Ditch the Viking and take to the skies to save lives, says ex-tank commander


StuartCrawford05 (Large)By Michael MacLeod

A FORMER tank commander is calling on the MoD to scrap all road travel in Afghanistan by British troops saying they should travel only by air – even if it means commandeering civilian helicopters to make up a shortfall in military choppers.

Military expert Stuart Crawford, a retired lieutenant-colonel in the 4th Royal Tank Regiment who served in the 1991 Gulf war, spoke out after the deaths of two soldiers in vulnerable Viking vehicles.

Lt Col Rupert Thorneloe and Trooper Joshua Hammond were killed at the weekend when their Viking struck a Taliban roadside bomb, bringing the vehicle’s death toll to 20.

The Viking vehicles are due to be replaced next year by more than 100 larger and more heavily armoured tracked vehicles, known as Warthogs.
But former Scots commander Mr Crawford fears there is no way to amour the vehicles practically to defend against the deadly hidden bombs.

Now working an established political consultant, he says the MoD procurement process is “hopelessly slow” in upgrading vehicles and equipment.

He added: “When dozens of squaddies can die in Vikings and little is done about it, you have to beg the question – what price does the MoD put on a soldier’s life?

Far too exposed

“There must, somewhere be a value that they draw the line at when it comes to spending to protect them, which simply should not be the case.

“Our soldiers are brave and committed and deserve far better than the Viking, in which the driver and gunner are far too exposed.

“The fact that they are reluctant to bring in more helicopters proves we have got defence on the cheap and we are letting them down.”

He said the MoD had to act to stop more soldiers dying.

Mr Crawford, who collected a Gulf War medal and UN medal during his 20-year career, added: “The best way to do that is to take our troops off the roads and into the air in the most dangerous areas.

Former Lt Cnl Crawford (left) discussing a roadside bomb in Cyprus
Former Lt Cnl Crawford (left) discussing a roadside bomb in Cyprus

“That means more helicopters, which the MoD knows but seems unable to do anything about.”

“Personally, I’d beg and borrow civilian helicopters and give them a coat of camouflage paint and get them out there until the MoD sorts its act out and procures military ones in sufficient numbers.”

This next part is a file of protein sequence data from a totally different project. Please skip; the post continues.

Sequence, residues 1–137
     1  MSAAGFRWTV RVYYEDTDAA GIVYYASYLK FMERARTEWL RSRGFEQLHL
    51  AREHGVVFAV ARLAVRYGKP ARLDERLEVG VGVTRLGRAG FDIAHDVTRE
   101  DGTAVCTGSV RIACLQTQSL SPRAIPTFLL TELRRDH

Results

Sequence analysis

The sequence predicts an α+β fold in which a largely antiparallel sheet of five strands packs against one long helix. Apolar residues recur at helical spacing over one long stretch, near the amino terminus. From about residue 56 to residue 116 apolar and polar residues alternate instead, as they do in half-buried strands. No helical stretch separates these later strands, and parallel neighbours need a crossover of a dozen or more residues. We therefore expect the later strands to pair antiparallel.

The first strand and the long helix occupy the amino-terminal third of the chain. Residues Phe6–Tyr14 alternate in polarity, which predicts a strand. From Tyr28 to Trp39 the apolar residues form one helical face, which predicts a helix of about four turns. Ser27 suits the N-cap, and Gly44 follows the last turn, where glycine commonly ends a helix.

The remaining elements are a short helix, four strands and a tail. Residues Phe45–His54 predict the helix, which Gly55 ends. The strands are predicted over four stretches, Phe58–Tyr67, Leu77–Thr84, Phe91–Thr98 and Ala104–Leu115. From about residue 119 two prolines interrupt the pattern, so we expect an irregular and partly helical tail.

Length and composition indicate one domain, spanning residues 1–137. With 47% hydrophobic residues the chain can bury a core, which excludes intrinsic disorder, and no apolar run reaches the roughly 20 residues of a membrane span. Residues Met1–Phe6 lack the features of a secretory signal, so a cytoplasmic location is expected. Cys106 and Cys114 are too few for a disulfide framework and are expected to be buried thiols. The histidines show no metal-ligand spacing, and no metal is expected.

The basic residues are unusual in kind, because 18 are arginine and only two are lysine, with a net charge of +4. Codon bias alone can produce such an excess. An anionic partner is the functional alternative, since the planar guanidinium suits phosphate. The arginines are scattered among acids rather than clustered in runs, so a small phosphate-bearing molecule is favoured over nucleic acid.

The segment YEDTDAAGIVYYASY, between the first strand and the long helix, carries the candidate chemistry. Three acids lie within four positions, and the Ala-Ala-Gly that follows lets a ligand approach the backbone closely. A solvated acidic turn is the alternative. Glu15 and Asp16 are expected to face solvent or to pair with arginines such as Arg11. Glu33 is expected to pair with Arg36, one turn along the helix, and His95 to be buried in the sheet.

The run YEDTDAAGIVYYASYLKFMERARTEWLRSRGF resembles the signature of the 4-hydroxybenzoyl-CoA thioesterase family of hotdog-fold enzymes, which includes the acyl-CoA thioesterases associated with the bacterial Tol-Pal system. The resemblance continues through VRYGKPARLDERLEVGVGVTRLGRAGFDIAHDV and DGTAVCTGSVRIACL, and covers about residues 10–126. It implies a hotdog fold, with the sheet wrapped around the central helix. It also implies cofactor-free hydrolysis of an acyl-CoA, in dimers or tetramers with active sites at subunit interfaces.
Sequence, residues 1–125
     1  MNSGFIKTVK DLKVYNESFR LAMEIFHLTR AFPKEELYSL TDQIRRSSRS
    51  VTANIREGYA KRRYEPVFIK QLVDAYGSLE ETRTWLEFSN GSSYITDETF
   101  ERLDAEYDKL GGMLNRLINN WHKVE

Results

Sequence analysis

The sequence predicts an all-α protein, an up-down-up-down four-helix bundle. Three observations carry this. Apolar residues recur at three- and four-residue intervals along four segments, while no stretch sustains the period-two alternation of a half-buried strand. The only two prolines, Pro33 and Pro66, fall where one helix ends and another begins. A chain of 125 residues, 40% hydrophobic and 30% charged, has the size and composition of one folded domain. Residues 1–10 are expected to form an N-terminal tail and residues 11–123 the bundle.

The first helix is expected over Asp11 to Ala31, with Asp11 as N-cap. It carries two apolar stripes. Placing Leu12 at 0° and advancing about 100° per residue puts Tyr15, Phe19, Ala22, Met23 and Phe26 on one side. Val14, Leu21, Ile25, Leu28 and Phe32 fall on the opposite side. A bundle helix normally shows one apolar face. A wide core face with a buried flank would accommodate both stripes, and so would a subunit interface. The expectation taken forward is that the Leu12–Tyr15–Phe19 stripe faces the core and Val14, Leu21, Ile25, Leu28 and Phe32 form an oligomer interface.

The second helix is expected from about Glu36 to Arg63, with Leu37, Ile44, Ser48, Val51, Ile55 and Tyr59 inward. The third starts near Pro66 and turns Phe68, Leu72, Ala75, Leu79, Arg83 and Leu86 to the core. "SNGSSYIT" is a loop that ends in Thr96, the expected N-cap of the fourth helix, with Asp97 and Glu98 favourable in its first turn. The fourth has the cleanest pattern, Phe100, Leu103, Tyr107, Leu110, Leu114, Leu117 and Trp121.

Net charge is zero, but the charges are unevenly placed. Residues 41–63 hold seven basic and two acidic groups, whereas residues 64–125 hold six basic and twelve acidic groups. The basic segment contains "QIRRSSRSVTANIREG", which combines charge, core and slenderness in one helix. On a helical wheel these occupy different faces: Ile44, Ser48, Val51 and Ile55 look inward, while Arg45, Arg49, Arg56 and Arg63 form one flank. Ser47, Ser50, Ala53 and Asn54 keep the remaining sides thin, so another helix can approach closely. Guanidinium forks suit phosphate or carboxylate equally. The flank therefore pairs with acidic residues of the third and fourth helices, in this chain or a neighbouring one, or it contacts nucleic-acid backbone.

Patrick Mercer MP, a former infantry regiment commanding officer and chairman of Westminster’s counter-terrorism sub-committee, agrees that the only solution to prevent further tragedies is to scrap Vikings and move troops around in the sky.

Mr Mercer MP travelled regularly in a Viking while serving in Helmand province two years ago.

Vikings “like buses”

Now as chair of Westminster’s counter-terrorism sub-committee, he is challenging the MoD to prove it cares about each soldier’s life.

Yesterday he said: “I still keep in regular contact with my old battalion and they describe Vikings as “the buses they commute to work in.”

“That raises alarm bells because the same routes are being used too routinely and of course lives are being lost to roadside bombs.

“If the MoD genuinely wants to avoid people getting blown up, getting them into helicopters is the answer, not bigger or better armoured vehicles.

“You could have a bank vault on tracks and the Taliban bombs could take them out – they are that ruthless.

“The helicopter fleet simply is not up to the size it should be and it wouldn’t take a huge amount of money to address that.”

They both fear the Army will lose more soldiers in the ongoing Panther’s Claw operation and say current protocols are simply no use to keep them safe.

Last month the Ministry of Defence began fitting out its desert vehicles with Tarian, a “revolutionary” new material to replace traditional grill armour.

The curtain-like cloth hangs over the armour and causes rockets to explode before they hit the truck.

But Mr Crawford said: “Frankly, we can drape all our military vehicles in Tarian but it isn’t going to help much against the current main lethal threat in Afghanistan – roadside bombs.”

An MoD spokesperson claimed no other country equipped its forces better than the UK and said an air-only policy was simply not an option.

Viking is “ideally suited” – MoD

She also defended the use of the vulnerable Viking vehicles.

She said: “There are a variety of military tasks for which helicopters are not necessarily the most suitable platform available.

“For example, troops have to operate on the ground to build constructive relationships with the local population and it is impossible to carry out patrolling tasks from helicopters.

“The unique capabilities of Viking are ideally suited to the demanding terrain of the Green Zone and Viking was deployed in October 2006 to meet the requirement for an all-terrain platform that was capable of operating there.

“Safety of our personnel is a prime concern and that is why we have delivered £10 billion of new equipment to the forces in the past three years, with over £1 billion for new vehicles alone.

“Our troops are as well equipped as any professional Armed Forces in the world today.

“Significant improvements have been made since 2001 and Operational Commanders now have a variety of vehicles at their disposal.

“These provide the varying degrees of protection, mobility and firepower needed to match the differing situations and threats.”